What’s up with anhidrosis?


Well, let’s start with what it is, a failure to sweat.  There is also hypohydrosis, which is the failure to sweat enough.  I have also heard this be called partial anhidrosis.  This is so critical in sport horses, as their TPR (temperature, pulse, and respirations) can go through the roof as they can’t cool off through normal sweating.  Many a horse has collapsed and even died as a result.


We are all stumped as to the cause of it, but we do know what can help it - in some cases.  For the most part, experts, Veterinarians, and researchers can agree on one thing - no one knows the reason for it, or the cure for it.   Generally speaking, it’s agreed that anhidrosis is some defect in the sweat glands.  It’s widely assumed that the sweat gland becomes desensitized to the chemical trigger of epinephrine.  In this case, increased concentrations of epinephrine which normally signal the sweat gland to start working are ignored.

We also know that there is no rhyme or reason for anhidrosis.  Age, gender, color, breed, and location don’t seem to be factors, although it’s reported that horses in hot and humid climates are likely to develop anhidrosis more often than more temperate climates.  


It’s also known that horses can develop this overnight, or over time.  It can also resolve itself, without explanation or logical reason.  (Nice to have such concrete info, right?)  In a nutshell, we can’t yet predict it or cure it. 




But we can manage it!  First we need to discuss how to spot it - or even the beginnings of it.  This is also where knowing your horse’s TPR comes into play - because with diminished sweating, the internal temperature of your horse can reach over 104 degrees and cause heat stress and stroke.  


Obviously, you will notice a horse with different or changing sweat patterns.  For example, the hind legs and neck may sweat, while under the saddle does not.  Or vice versa.  Or, you will notice no sweating at all. You will also notice lethargy, increased TPR values even at rest, dry itchy skin, hair loss (especially on the face) and increased recovery time after exercise.  


The strange thing about anhidrosis is that it can resolve itself, which is just as weird as it popping up out of the blue.  Some horses are fine the next season, or they become adjusted to the climate.  Others are normal for years and years and then develop anhidrosis, even without a climate change.  Some horses start to sweat again after a barn change in the same town.


How can you mange anhidrosis? 

There are a ton of ideas out there for management, and if you do the research, you will find a lot of contradictory information.  Much as anhidrosis has no rhyme or reason, the treatments don’t have any rhyme or reason, either.  What works for one horse doesn’t make a dent in others.  Most importantly, if you suspect anhidrosis, talk to your Veterinarian and start monitoring that TPR right away.  There are a few tests your Veterinarian can perform to confirm anhidrosis, one of them is a simple injection into the skin with epinephrine, which stimulates sweating.  If you horse doesn't sweat as a response to this, you are on the way to a diagnosis.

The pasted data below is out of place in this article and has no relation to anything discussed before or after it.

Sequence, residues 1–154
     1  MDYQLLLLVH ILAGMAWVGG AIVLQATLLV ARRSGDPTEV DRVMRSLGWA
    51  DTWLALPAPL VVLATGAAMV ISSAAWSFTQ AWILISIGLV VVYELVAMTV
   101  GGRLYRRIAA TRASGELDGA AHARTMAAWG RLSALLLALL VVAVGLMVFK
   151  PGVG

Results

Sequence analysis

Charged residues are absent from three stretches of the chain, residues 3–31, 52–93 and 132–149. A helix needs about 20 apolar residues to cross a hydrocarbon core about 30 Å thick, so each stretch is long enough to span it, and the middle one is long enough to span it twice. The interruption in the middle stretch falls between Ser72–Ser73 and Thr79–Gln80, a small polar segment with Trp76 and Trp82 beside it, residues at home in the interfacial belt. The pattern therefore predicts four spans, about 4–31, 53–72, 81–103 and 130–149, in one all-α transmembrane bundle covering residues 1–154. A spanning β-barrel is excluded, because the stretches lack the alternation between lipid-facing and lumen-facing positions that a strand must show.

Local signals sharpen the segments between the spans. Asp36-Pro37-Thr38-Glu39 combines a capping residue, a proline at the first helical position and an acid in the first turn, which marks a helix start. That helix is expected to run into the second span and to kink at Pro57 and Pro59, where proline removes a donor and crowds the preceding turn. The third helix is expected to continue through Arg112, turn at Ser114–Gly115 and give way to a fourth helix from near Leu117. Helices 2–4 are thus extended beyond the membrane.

Many riders and Grooms have had success with the supplement One A/C.  Others can manage with electrolytes, beer, methyl dopa, thyroid supplements, and even acupuncture.  



Maybe your horse will share with you? 


You will also need to monitor your horse’s environment.  Exercise in cooler parts of the day, which is often the morning.  Early morning.  Avoid turn out without amble shade and fresh water.  Set up a fan if you can, although a misting system is tons better as the gentle mist utilizes evaporative cooling and takes the place of sweat.


You may also have some success with a diet change, reducing the protein and carbs and increasing fat as the energy source.   This (and all management options) should be discussed with your Veterinarian.  


During exercise, be sure to monitor respirations and take lots of walk breaks.  Have a bucket with cold water and a sponge on the rail, or a spray bottle with water and rubbing alcohol close by.  Frequent dousing with the sponge, followed by the sweat scraper will help.  If you use the spray with alcohol, you may not need to scrape as the alcohol evaporates so quickly.  Hit under the neck and the major arteries of inside hind legs.  After the workout, implement major cooling off techniques.  Monitor your horse’s TPR closely, and check on him about 30 minutes later.  By then, his vitals should be back to normal, and if not, call your Veterinarian and do some more cooling off.


You can also consider some summertime clipping!


What has worked for your horse?